Its also an easy read so if you've been toying with REST but haven't found it very easy to get your head around then I'd definitely recommend having a look. I know that when I started learning REST I wasted large amounts of time reading unhelpful and downright misleading content so its good to have a book that should help you avoid falling into any obvious traps.

In summary, highly recommended.

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Saturday, September 12, 2009


I'm on a project that was using WCF and we've managed to make the transition to using REST (well, to be honest so far its just POX).

REST is a joy and I really find it such a pleasant experience compared to RPC let alone WS-*.

However WCF and REST just are not good bed fellows. Some of the problems are that it doesn't support linking out of the box, content negotiation isn't there, no support for common HTTP/REST patterns, it limits the design/granularity of your resource handlers (think MVC controllers), and the REST starter kit (at least when I looked at it) was appalling.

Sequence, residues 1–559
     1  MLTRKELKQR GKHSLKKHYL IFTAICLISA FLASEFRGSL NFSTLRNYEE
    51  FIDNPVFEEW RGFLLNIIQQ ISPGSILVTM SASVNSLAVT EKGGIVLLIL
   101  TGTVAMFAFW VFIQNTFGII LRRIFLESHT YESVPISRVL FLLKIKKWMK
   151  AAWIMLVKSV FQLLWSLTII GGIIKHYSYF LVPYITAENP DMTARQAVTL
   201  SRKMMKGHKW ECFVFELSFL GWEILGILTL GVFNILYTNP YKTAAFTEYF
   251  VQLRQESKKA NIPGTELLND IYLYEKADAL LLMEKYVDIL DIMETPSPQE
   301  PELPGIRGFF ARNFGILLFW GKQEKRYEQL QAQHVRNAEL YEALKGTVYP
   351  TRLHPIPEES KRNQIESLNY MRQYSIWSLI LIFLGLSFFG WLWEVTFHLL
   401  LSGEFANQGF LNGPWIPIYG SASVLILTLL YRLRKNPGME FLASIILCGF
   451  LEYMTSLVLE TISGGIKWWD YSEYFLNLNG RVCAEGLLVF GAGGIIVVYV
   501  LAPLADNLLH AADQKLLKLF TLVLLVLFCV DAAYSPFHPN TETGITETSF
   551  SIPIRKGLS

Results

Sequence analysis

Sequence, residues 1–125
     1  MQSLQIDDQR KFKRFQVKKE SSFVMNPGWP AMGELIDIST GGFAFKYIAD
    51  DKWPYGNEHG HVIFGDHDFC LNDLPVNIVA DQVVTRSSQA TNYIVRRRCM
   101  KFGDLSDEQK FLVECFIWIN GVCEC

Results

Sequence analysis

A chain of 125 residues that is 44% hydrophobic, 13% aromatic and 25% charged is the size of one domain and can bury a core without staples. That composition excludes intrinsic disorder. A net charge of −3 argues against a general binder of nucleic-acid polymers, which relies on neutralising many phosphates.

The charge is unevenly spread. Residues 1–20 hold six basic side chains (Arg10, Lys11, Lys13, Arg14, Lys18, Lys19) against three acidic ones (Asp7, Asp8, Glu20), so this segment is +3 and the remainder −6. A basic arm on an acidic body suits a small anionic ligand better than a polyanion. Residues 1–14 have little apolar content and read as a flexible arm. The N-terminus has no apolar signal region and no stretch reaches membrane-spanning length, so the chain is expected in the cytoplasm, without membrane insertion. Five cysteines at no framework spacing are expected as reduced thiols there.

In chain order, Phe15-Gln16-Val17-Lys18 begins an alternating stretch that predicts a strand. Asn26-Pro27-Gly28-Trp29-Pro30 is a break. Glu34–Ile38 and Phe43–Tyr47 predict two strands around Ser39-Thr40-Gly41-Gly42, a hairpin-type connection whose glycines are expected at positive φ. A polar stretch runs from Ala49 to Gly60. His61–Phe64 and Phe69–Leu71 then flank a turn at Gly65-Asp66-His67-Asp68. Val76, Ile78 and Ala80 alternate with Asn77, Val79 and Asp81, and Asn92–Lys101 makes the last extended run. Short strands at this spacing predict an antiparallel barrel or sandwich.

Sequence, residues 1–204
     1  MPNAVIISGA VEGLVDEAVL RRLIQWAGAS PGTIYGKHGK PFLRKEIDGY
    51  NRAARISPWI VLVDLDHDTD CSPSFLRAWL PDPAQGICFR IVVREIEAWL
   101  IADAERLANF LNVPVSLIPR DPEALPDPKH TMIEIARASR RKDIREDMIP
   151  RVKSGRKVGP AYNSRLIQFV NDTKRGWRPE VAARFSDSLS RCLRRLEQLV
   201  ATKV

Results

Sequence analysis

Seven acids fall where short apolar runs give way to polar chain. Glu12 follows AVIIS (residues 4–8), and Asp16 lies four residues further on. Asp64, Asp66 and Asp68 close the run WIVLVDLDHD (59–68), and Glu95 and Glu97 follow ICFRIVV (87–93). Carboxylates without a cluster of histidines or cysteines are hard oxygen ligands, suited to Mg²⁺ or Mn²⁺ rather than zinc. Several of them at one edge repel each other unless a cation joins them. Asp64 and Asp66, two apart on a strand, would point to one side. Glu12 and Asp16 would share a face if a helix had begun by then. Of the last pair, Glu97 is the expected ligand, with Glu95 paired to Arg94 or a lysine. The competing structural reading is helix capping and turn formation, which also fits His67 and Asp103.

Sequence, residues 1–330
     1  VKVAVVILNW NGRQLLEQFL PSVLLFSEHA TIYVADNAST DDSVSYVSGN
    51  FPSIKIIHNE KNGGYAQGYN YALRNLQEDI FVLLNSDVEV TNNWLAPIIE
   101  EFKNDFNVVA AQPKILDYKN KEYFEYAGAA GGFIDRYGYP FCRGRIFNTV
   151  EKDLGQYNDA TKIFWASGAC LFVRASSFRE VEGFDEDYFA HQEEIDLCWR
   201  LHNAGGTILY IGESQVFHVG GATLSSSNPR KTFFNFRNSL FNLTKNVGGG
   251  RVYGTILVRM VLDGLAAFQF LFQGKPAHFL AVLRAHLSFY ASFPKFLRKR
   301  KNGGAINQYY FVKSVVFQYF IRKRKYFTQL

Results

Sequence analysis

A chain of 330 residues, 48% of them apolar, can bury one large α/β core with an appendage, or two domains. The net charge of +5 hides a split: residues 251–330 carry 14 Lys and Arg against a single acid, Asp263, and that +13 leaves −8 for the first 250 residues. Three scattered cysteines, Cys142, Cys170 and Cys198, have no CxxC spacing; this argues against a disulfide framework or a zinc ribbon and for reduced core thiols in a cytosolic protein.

There are also lots of annoyances that you only discover when you come to use it and unfortunately, as Seb discovered when he developed our REST framework on top of WCF, WCF lacks some key extension points meaning you end up having an extremely painful time getting the functionally you need.

The point of this post isn't to beat up on WCF, its just to make you aware of the issues. If all you want to be able to do is a bit of simple CRUD then you might find WCF to be a good solution, however just be aware that it isn't designed to scale out to handle more interesting problems or more RESTful solutions.

On the bright side the WCF team did contact me and Seb and we did give feedback which apparently will feed into a release post-WCF 4. My feeling is that if they don't make massive improvements then WCF will lose out on the REST battle, especially as there are some great REST frameworks appearing in .NET-land.

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Saturday, July 11, 2009

E-VAN Blog and Videos

Jan has already posted about it but we have a new E-VAN blog which includes links to the recording of the excellent presentation Alan Dean gave on REST and a link to the next one that Ian Robinson and Jim Webber are giving (please submit questions/topics for this one, it's going to be superb).